2. #2 posted by J.A.K. Gladney

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    I remember seeing an edited version of The Forbidden late night on the SciFi channel back in the mid nineties. They might have aired Salome too but I can’t be sure. Barker even introduced the film with a little commentary. Blew my adolescent mind.

  3. #3 posted by John

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    Tristan: My use of the word “generic” isn’t intended as a negative, merely a description of something which fits a genre, in this case horror. Much of my own work is generic in the same way. The Forbidden is interesting because it’s not generic in that sense at all, it’s more an unusual art film–and as I say above–it shows how Barker’s work could easily have developed in a different direction.

    That wasn’t what he wanted, of course, but he’s a curious and rare example of someone sitting happily at the centre of the horror and fantasy genres who has always been very aware of (and borrowed from) things a long way outside those genres.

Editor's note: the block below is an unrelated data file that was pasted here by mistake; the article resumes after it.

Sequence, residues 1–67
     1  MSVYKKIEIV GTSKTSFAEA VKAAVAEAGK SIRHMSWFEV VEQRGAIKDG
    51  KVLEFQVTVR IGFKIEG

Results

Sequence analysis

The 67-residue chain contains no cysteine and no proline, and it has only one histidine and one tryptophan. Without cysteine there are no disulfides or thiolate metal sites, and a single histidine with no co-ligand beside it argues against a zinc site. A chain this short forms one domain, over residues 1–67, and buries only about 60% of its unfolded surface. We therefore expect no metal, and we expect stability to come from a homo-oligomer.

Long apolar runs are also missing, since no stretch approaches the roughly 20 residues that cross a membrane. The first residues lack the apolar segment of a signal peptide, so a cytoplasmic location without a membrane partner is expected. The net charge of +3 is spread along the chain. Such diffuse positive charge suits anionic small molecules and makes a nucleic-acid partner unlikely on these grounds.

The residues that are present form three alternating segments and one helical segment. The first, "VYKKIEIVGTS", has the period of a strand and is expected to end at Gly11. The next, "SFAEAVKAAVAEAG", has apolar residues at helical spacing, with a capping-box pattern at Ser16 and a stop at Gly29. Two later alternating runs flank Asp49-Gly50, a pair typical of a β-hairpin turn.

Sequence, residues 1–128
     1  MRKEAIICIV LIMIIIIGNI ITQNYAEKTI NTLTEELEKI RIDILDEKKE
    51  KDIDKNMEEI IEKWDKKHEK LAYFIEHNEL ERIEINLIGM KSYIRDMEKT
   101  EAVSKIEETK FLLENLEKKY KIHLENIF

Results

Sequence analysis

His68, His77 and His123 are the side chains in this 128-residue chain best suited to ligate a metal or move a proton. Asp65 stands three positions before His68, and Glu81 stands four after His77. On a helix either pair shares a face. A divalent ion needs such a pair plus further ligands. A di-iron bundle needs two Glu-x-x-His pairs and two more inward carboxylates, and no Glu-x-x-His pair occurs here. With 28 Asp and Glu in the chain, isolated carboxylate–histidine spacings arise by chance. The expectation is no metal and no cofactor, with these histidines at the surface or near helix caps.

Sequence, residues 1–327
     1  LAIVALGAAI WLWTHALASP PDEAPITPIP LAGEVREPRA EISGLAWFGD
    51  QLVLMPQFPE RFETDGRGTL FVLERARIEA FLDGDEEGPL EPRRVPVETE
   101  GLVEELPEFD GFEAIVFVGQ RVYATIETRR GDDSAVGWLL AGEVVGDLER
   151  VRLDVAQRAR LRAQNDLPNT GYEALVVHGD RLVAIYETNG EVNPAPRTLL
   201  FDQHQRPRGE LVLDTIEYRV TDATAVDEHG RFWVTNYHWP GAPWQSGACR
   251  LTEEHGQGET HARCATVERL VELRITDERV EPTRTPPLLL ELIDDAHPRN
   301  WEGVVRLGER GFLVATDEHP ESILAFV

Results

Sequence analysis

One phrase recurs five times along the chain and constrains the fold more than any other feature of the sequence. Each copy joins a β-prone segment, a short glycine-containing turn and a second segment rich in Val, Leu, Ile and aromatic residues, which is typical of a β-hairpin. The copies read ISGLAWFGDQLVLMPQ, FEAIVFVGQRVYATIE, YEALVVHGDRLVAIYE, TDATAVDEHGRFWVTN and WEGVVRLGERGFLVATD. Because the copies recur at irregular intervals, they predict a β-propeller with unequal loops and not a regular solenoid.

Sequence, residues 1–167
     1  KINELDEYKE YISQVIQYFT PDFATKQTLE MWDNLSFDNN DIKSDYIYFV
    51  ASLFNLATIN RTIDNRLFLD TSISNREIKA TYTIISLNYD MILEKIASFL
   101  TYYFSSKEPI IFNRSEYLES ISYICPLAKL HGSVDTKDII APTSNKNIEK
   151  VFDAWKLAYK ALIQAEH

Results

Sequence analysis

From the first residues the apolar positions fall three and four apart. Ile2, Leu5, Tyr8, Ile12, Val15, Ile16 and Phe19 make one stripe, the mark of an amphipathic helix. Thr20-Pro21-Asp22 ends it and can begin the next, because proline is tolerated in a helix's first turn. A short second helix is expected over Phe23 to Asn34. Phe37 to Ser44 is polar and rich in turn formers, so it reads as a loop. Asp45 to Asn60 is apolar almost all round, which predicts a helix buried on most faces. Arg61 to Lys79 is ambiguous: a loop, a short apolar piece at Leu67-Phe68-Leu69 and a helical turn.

I’ve still not seen Lord of Illusions. The story that was based on was a favourite of mine, and the reports of the film were so bad I kept away from it.

  4. #4 posted by Wiley

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    Lord of Illusions isn’t really a great film, but I own it and would say that its use of special effects and imagery alone make it well-worth viewing. There was a point in the nineties before leaning on excessive computer-aided animation became terribly commonplace where people with an eye for such things would often combine some of the most sophisticated manner of set pieces, make-up/prosthetic artwork, and trick photography and weave this all-together with varying results. LOL, oops, nevermind, I am not going to delete that, was one of the better. Though the story-to-film translation wasn’t terribly graceful, on a technical level, I’d definitely say its worth the time. Its a more mainstream showcase of Barker’s oft-overlooked painterly talents more deeply investigated with his earlier theater works. Don’t let the late but by no means great Mr. Ebert discourage you.

  5. #5 posted by Clive Hicks-Jenkins